Situated in a bounded socio-geographical context (i.e., Vancouver, Canada), this ethnographic individual case study provides an in-depth analysis of a bilingual young girl’s home literacy practices of meaning-making established across semiotic modes (i.e., linguistic, visual, audio, spatial, embodied, kinesthetic) during the COVID-19 pandemic. Framed within multimodality as its main theoretical perspective and drawing and play as semiotic modes, this study aligns with research that integrates child literacy within semiotics and ethnography. The participant—an 8-year-old grade four Canadian-Haitian girl—identifies English as her first and French as her second language. The project unfolded over a two-month period (between February and March 2021) and consisted of 13 open-ended informal interviews and three sessions of imaginative play. Inductive coding and In Vivo codes were used for the thematic analysis of the 16 participant-generated artifacts (e.g., written texts, drawings, cartoons, books, toys, objects, art, photographs). The findings revealed two interrelated themes: drawing as collective meaning-making and play as embodied anthropomorphic meaning-making. Through drawing, the child made meaning collectively by establishing a zone of proximal development that allowed for situated learning as a means of communication. The participant displayed an anthropomorphic stance by talking with her toys as if they were animated beings. Her doll and stuffed animal acted as avatars for herself, pets, and siblings, as well as resources used to mediate interactions with the mother. The findings show how the child’s interactions with humans and non-/other-than-humans contributed to her multimodal meaning-making during COVID-19, which might be beneficial for children in different contexts.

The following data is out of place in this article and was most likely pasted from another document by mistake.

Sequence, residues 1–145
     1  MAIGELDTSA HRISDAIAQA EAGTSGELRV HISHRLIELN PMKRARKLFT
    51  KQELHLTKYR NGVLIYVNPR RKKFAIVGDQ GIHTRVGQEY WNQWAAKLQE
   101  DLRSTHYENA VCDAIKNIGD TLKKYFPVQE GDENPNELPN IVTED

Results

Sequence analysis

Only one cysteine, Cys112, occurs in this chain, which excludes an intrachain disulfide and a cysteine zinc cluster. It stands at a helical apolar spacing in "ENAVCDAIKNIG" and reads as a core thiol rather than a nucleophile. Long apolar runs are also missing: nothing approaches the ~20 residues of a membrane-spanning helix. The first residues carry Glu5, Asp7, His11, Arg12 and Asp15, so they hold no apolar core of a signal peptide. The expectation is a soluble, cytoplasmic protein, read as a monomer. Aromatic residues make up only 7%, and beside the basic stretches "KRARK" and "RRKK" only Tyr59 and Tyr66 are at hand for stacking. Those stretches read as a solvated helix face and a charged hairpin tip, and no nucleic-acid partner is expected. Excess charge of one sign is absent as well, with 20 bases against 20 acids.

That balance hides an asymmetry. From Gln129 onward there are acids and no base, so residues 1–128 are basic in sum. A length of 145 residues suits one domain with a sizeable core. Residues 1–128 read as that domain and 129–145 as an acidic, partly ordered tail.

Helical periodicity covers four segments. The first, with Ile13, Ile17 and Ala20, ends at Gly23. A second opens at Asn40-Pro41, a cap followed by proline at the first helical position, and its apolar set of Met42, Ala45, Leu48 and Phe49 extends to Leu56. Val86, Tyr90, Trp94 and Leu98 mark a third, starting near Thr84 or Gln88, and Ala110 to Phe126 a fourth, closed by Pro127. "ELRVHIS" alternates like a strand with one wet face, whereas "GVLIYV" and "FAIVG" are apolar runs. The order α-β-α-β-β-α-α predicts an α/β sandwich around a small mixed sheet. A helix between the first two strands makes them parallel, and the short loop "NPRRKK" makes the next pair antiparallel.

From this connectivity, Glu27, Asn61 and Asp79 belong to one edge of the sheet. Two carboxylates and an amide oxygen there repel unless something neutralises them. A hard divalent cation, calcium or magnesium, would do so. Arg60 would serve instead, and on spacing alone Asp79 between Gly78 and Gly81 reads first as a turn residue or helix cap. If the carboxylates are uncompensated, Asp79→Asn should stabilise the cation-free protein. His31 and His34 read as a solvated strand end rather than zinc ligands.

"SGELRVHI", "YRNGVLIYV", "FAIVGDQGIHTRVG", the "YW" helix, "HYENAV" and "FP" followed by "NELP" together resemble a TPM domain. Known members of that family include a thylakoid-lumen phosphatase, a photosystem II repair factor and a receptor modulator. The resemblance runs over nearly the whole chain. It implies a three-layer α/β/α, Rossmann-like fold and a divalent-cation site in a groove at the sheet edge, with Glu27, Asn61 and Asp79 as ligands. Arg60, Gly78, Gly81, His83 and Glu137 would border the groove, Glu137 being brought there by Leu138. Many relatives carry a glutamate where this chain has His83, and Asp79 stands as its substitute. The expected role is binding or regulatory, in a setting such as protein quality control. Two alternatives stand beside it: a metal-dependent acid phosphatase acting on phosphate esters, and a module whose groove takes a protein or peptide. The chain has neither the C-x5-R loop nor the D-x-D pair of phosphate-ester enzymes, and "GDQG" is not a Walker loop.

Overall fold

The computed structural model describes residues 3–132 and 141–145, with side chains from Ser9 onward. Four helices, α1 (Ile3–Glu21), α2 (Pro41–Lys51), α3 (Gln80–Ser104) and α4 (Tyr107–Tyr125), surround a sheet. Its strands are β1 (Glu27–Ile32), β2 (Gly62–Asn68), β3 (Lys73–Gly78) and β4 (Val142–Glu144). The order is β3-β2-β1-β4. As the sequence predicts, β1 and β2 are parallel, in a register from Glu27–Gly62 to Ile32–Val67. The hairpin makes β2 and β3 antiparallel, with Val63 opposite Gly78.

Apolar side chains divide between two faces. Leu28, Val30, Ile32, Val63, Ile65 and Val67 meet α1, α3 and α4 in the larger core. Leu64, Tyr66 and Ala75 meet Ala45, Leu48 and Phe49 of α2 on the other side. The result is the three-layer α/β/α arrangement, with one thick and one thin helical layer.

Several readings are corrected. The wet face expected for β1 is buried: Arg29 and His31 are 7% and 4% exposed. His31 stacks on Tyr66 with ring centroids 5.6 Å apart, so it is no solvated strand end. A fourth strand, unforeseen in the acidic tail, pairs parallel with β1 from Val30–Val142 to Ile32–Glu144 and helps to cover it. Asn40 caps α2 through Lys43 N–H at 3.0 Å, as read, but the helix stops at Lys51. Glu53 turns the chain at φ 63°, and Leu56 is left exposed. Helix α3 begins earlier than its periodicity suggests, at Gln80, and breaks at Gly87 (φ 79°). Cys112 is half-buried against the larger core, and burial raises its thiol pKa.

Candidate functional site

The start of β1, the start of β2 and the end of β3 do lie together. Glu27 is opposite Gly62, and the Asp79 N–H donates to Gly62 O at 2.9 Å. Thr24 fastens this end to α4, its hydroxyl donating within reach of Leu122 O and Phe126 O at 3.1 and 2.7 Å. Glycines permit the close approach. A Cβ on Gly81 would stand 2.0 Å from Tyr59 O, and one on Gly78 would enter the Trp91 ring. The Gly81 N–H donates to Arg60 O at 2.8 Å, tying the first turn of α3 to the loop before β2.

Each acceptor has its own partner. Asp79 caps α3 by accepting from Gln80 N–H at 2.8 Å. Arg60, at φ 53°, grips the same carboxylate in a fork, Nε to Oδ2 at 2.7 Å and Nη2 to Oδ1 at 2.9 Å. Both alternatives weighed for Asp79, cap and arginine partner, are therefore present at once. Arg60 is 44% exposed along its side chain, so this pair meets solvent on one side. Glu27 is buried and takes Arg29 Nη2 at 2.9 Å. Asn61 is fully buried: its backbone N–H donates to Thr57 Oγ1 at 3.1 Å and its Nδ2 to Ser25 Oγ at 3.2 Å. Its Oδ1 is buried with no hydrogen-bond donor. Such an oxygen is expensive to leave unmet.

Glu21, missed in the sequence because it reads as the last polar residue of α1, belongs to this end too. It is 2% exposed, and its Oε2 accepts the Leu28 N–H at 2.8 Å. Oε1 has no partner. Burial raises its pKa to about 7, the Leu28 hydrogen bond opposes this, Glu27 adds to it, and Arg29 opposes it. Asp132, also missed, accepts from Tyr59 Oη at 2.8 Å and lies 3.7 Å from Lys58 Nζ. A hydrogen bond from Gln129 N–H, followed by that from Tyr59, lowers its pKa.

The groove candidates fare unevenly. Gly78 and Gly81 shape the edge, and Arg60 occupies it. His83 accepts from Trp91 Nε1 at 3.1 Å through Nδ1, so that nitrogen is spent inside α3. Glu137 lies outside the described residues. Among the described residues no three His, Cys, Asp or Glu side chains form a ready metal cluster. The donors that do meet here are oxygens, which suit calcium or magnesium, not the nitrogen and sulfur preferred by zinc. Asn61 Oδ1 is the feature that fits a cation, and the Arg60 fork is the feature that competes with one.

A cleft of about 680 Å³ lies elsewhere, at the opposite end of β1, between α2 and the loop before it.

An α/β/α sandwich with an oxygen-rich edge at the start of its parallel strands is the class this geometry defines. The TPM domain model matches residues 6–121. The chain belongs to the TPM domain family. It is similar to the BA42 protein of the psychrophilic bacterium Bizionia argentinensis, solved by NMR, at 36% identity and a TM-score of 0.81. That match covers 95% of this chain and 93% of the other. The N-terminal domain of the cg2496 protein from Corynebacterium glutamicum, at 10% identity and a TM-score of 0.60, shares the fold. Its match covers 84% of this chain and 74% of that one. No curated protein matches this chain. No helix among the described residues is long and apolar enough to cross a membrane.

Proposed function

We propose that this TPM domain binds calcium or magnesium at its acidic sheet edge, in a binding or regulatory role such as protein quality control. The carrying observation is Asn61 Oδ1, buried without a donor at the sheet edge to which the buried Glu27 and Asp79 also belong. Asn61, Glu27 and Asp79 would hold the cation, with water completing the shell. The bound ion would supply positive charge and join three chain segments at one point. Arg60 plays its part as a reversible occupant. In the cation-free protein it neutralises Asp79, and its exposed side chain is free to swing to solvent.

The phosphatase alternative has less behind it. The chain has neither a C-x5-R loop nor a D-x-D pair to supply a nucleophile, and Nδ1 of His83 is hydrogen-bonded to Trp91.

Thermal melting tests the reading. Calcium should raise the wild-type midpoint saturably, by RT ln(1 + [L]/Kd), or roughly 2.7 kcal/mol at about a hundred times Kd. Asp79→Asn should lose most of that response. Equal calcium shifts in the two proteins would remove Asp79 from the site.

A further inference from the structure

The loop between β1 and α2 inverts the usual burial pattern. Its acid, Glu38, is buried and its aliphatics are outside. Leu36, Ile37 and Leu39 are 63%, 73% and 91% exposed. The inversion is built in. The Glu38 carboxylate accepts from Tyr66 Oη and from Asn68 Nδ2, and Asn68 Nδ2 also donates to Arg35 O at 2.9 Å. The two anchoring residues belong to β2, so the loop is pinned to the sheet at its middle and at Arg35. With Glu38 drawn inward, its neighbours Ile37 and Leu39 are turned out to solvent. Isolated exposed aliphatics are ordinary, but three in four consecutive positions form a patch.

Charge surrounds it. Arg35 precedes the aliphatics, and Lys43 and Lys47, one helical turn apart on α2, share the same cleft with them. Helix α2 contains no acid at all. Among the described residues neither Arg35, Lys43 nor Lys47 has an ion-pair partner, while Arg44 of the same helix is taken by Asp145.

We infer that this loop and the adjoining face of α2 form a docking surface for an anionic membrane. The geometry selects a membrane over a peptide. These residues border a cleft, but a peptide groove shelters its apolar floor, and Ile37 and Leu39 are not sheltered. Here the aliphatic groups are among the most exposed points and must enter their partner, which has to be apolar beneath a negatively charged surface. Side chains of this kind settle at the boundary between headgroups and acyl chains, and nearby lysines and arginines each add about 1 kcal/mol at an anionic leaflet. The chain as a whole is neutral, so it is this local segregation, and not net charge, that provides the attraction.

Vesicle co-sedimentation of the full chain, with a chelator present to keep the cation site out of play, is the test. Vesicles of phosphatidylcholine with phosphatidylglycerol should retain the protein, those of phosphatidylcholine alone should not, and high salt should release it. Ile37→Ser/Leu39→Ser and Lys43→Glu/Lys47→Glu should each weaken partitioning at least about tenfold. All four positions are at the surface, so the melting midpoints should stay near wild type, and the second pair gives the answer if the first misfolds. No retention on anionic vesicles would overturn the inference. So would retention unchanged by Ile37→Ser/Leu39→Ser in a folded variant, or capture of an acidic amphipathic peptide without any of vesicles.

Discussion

Laura Brass, University of British Columbia, Canada
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